Billy Wilder: An Introduction - Can't Stop the Movies
Can't Stop the Movies

Billy Wilder: An Introduction

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Billy Wilder
Here we are at last. The white whale of the website. Back when Andrew and I started tossing around the idea of doing articles delving into the filmographies of our favorite directors, invariably one name always came up: Billy Wilder. I've been a fan of his since I saw Some Like It Hot on a date in 2002, and, gradually, I watched all of his films.

The thing about delving into Wilder though: there's a lot about Wilder already out there, unsurprising for a director considered one of the greatest to have ever stepped behind a camera. For those unfamiliar, he's one of the most prolific film directors of all time. Four of his films-- Sunset Boulevard, Double Indemnity, The Apartment, and the aforementioned Some Like It Hot-- are consistently ranked in the top 100 films of all time, from the AFI 100 Years, 100 Movies to the They Shoot Pictures, Don't They? ranking. He's won two Best Director Oscars for two Best Pictures. He helped define Audrey Hepburn's pop culture image in Sabrina and Marilyn Monroe's in The Seven Year Itch. He's the man who first paired Jack Lemmon and Walter Matthau. And he turned the line "Nobody's perfect." into a pop culture touchstone to boot.

Man, two paragraphs in and I'm already beginning to feel overwhelmed. That's why I've been putting this off until now. No matter how many books or articles or documentaries or analysis I read or see, I will never feel I'm up to snuff when it comes to approach this man. And, trust me, for a man who goes by Mr_Sheldrake on Twitter, I've definitely seen and read my fair share.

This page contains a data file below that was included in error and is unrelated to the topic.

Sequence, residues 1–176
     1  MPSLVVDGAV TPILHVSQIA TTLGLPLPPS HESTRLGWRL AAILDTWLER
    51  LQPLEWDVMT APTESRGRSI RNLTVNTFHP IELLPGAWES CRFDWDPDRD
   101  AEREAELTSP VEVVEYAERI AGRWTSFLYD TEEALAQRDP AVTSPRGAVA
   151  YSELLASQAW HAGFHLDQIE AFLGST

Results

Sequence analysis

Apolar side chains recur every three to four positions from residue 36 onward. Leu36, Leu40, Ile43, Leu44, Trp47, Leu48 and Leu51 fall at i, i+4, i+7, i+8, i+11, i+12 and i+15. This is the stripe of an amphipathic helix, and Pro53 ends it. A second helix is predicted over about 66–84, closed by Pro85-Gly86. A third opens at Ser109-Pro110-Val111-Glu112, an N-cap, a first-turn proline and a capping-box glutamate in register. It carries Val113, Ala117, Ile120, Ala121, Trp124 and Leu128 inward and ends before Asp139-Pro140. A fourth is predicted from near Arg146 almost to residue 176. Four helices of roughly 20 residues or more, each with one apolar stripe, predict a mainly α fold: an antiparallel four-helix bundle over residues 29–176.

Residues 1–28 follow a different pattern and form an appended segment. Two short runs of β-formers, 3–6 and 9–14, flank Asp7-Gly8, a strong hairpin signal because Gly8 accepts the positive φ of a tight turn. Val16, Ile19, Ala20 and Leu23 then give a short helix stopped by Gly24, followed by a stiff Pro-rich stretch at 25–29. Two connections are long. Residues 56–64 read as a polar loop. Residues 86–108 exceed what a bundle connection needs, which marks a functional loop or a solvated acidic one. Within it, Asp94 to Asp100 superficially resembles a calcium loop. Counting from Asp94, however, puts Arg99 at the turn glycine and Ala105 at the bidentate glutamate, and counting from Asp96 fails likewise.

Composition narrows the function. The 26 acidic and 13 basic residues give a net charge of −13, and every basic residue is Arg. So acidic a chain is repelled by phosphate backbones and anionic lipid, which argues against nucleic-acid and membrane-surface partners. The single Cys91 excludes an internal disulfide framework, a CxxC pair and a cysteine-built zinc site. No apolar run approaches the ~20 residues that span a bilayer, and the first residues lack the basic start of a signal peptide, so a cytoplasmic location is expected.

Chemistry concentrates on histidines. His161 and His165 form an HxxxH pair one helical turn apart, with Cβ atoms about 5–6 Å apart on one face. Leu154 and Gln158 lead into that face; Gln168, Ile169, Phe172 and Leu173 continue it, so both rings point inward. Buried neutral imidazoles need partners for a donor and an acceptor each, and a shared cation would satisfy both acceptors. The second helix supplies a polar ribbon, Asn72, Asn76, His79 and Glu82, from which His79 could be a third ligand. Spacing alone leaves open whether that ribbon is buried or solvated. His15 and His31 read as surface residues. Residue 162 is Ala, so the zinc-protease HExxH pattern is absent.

But there's a time for a doing and a time for sitting on your ass. Since I need help getting off my ass and one of this site's co-authors is also a raging Wilder fan, Ryan and I decided to team up for this one.

27 movies covering 47 years of a man's career. Are you ready for this, Ryan?

I'm ready, except for the fact I have to watch Kiss Me Stupid again.

In all seriousness, I think you are right when you say it is a monumental task. You already mentioned the four films of his that are without a doubt four of the best films of all time. What is also amazing is that those aren’t his only four good films: Stalag 17, Witness for the Prosecution, Ace in the Hole, A Foreign Affair, Five Graves to Cairo... here are movies that might not rank up with the greatest, but are still respectfully solid works.

I can’t think of anyone that was both a writer/director that had such a long streak of making four star films. Hitchcock and Spielberg have a lot of good movies but they were at the top of their game and didn’t write most of their work. That means that they could cherry pick the best scripts out there; to direct AND write the films is so much more difficult.